In the midst of a reality show presidency, other very serious matters for human attention are left neglected. The president’s strategy to dominate the news cycle, day in and day out, works effectively to keep very pressing human problems on the back-burner, if not completely disregarded. In both national and global terms, there are a multitude of significant problems needing prompt attention. Setting Covid-19 aside as a significant, yet lesser, concern for this exercise, if we were asked to name the top two problems facing humanity in the first world (those threats posing the most existential danger for humans), what would they be?
Arguably, the American meta-story that animates the two problem manifestations we’ll be considering is, “Only Money Matters.” That’s a left-quadrant [interior] matter for another blog post. Here, we’ll consider right-quadrant matters [exterior], e.g., physical manifestations like climate collapse (change) and social media, incarnations of the animating narrative that only money matters.
Many people see climate change (collapse) and it’s ramifications as the top existential problem that humans face. The climate collapse (change) problem intersects with many of our other significant issues—global climate refugees, national and global markets, jobs, race, economic inequality, food security, clean air & water, health, and so on—compounding the existential nature of all these problems.
Just taking the first intersection from above, e.g., “global climate refugees,” we can easily discover the gravity and magnitude of the problem. We can tap into the empathy we come equipped with on this. Imagine that, for one of many possible reasons, the area where you and your family live became unsustainable/uninhabitable. Do you have any doubt that you would gather your family and what belongings you could, and you would move? How does it feel to be a refugee? Climate change (collapse) is predicted to set well over a billion people in motion as climate refugees by 2030.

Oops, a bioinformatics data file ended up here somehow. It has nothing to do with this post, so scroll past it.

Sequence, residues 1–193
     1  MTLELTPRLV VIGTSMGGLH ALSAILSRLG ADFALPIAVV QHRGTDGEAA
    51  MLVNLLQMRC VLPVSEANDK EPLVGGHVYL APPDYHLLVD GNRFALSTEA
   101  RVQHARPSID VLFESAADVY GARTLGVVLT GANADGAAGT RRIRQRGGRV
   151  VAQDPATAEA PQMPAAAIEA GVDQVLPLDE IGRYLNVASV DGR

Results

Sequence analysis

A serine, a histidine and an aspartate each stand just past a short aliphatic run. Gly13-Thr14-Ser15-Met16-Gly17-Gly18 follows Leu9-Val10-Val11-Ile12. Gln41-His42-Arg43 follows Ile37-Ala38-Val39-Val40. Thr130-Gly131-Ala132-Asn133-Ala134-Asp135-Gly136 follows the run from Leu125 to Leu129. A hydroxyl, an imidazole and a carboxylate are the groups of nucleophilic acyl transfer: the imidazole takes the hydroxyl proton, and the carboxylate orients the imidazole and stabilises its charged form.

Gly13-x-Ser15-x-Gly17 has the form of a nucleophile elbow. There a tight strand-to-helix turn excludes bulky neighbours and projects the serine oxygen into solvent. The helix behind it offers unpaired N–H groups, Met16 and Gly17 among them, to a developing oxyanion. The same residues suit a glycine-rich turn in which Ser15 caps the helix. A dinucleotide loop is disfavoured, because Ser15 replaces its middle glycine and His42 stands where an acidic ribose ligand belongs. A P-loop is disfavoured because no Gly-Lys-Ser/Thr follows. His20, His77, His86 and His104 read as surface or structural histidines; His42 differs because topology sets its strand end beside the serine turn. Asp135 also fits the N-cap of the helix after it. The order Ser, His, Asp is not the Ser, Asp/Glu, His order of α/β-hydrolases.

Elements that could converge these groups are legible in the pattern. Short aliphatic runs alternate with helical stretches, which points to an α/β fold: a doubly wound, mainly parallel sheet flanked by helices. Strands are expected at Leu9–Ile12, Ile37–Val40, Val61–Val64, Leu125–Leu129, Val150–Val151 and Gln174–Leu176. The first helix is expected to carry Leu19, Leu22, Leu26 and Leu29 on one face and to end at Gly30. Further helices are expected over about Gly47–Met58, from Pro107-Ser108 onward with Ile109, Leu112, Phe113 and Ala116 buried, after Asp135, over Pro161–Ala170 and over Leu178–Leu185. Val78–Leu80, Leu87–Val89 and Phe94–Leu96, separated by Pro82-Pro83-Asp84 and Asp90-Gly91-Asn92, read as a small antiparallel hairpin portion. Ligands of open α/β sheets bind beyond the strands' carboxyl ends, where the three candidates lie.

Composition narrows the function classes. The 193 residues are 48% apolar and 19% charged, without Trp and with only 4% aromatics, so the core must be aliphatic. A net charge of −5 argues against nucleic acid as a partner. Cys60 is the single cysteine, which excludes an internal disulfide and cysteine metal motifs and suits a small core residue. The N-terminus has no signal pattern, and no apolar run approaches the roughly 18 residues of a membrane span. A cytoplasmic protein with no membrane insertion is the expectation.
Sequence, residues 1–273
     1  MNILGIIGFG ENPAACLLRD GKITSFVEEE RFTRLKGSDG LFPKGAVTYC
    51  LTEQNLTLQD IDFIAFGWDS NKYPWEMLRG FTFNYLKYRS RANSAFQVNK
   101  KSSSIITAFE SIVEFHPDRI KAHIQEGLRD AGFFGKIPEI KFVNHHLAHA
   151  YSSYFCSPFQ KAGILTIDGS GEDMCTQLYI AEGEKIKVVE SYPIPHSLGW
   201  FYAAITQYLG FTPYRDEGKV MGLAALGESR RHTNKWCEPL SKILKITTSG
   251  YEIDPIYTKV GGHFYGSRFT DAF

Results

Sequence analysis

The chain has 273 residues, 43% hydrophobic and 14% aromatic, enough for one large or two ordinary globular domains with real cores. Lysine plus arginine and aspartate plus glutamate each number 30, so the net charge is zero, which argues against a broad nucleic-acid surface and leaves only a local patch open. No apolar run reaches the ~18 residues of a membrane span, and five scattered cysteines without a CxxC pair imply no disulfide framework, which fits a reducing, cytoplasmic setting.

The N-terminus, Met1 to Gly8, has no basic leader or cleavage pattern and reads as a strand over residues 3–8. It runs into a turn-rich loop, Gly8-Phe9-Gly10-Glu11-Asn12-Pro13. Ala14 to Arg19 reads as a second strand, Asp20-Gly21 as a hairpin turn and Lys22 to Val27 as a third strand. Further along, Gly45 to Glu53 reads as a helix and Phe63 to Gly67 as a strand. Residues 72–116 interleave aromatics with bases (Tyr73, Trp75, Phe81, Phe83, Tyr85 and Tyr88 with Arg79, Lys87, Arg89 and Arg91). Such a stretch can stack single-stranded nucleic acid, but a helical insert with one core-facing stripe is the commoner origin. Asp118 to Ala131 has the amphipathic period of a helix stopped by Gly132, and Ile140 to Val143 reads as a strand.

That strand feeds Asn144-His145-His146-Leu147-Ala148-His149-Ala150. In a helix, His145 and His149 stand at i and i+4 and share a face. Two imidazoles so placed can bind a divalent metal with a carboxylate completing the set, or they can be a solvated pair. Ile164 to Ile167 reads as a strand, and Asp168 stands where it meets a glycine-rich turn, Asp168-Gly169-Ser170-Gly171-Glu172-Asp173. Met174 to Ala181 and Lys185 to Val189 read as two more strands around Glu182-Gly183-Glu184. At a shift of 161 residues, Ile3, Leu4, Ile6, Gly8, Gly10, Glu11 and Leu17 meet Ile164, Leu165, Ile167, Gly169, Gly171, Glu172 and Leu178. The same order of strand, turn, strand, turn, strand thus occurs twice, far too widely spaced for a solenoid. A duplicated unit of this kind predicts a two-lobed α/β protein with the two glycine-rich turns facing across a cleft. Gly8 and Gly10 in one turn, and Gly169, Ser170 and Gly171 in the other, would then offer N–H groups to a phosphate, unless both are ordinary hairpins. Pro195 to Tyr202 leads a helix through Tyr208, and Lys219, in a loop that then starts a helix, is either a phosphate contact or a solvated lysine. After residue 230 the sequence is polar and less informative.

An alarming illustration of climate collapse (change) is the existential problem of the ravaging of the earth’s lungs. See this article from the Guardian: Amazon near tipping point of switching from rainforest to savannah – study
Surely nothing could be as threatening as climate change (collapse), could it? Sadly, there may just be something more perilous.
The Social Dilemma
The only two businesses who refer to their customers as ‘users’ are drug dealers and social media.
A new docudrama documentary is making quite a splash on Netflix. Here’s the trailer:
Yeah, it is a film everyone needs to experience. Even if you have never been on the internet in your life, you still need to find a way to watch this very powerful, and frightening docudrama. After you see the video, there are some helpful resources to aid your reflection.
Reviews worth a look
Jonathan Rowson, Scottish chess master and philosopher, places the constellation of issues raised in the documentary on the same level with the existential threat of climate collapse (change). Actually, Rowson ranks the problems attending social media a bit higher than climate change (collapse).